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The Hidden Reality Draws Ire From Physicists 387

eldavojohn writes "Scientific American is running a piece by science journalist John Horgan attacking pop physicist Brian Greene's latest offering, titled The Hidden Reality. He's not entirely alone; Not Even Wrong backs him up and reminds us of a growing list of multiverse propaganda. The journal Nature ran a short piece (subscription required) trying to remind everyone that Greene's book is more theory than fact, but apart from those three responses, the popular press seems to be gobbling up this tantalizing concept of a multiverse. NPR offers an excerpt while SFGate and The Wall Street Journal entertain us with interviews of the controversial Greene. The New York Times and Salon seem to think it's worthwhile, with Salon even calling it 'the science behind' the multiverse theory. The New York Times thought it worthwhile to give Greene an op-ed column. For better or for worse, Greene has certainly brought this great debate to the public's attention — similar to his exhibition of String Theory."
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The Hidden Reality Draws Ire From Physicists

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  • by PCM2 ( 4486 ) on Monday January 31, 2011 @05:39PM (#35060714) Homepage

    People want to know what they're doing, because they've been told that we're Just Around The Corner from The Big Answers. It's a lie, and essentially everybody familiar enough with the work knows it.

    Jesus, paranoid much? The public is intellectually curious because they're being lied to. People like Stephen Hawking and Brian Greene have some ideas about how the universe might be organized but they're liars! They're lying to you! Don't listen! LA LA LA LA LA LA!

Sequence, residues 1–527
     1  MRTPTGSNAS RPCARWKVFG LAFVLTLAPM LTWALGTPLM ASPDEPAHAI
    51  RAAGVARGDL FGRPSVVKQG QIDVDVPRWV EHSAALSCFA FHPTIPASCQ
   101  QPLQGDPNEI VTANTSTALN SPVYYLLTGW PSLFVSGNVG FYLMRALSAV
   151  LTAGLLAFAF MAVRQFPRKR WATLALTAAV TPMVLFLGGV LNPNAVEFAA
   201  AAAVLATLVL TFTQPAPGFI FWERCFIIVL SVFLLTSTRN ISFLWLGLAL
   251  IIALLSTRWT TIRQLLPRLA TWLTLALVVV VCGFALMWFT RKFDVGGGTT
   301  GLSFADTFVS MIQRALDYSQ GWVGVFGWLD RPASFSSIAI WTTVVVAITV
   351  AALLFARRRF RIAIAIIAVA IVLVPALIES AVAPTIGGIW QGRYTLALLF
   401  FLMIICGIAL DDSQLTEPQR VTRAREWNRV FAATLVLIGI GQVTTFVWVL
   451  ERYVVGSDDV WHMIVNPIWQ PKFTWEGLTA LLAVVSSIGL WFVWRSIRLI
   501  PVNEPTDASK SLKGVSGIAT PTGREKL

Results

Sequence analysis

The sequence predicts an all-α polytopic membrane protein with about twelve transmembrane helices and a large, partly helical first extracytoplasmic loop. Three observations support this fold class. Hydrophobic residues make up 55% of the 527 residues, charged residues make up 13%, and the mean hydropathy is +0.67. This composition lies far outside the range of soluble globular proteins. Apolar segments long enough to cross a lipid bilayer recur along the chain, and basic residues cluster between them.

Settle the fuck down. Brian Greene wrote a book in which he tries to explain some modern avenues of conjecture about physics in a way that you don't need to know "a lot of very, very difficult calculus" to understand. Period. Sorry if that cost you your funding, or whatever you've got your panties in a wad about, but you're sounding like a serious ass right now.

  • I'm curious (Score:4, Interesting)

    by Xaedalus ( 1192463 ) <[Xaedalys] [at] []> on Monday January 31, 2011 @05:55PM (#35060886)

    Did you ever read Rational Mysticism ? Because I did, and I found it to be very fascinating, written from a skeptic's viewpoint (as opposed to a cynical skeptic) and he came away with a lot of interpretations that I found intriguing.

  • Re:Uhhh... whut? (Score:4, Interesting)

    by ceoyoyo ( 59147 ) on Monday January 31, 2011 @06:03PM (#35060952)

    Mod parent up.

    Horan is also, as he points out himself, kind of cranky (in the bitter way, not the crazy way). I haven't read Greene's latest book, but his others cover established theory (relativity and QM) quite well, and then introduce string theory as something very much in development. I doubt very much his latest book departs significantly from that formula, as the label "pseudoscience" would require.

    Speculation is an important part of science, despite what Horgan thinks. The difference is that scientists don't claim their speculation is fact, but merely an interesting idea that perhaps should be studied further.

    The term poppernazi does seem to fit Horgan, and yes, if you allow a little bit of explanation, it is indeed a counter to his arguments.

  • by da cog ( 531643 ) on Monday January 31, 2011 @06:20PM (#35061120)

    As a physicist, I believe that the many-world interpretation of quantum physics is the best because it is more practical than its competitors.

    The first major competitor is the theory that the world is deterministic and its just our lack of knowledge that causes us to perceive a non-deterministic world. The problem with this is that we have no evidence in favor of this proposition and to the extent we have any evidence it is *against* this proposition.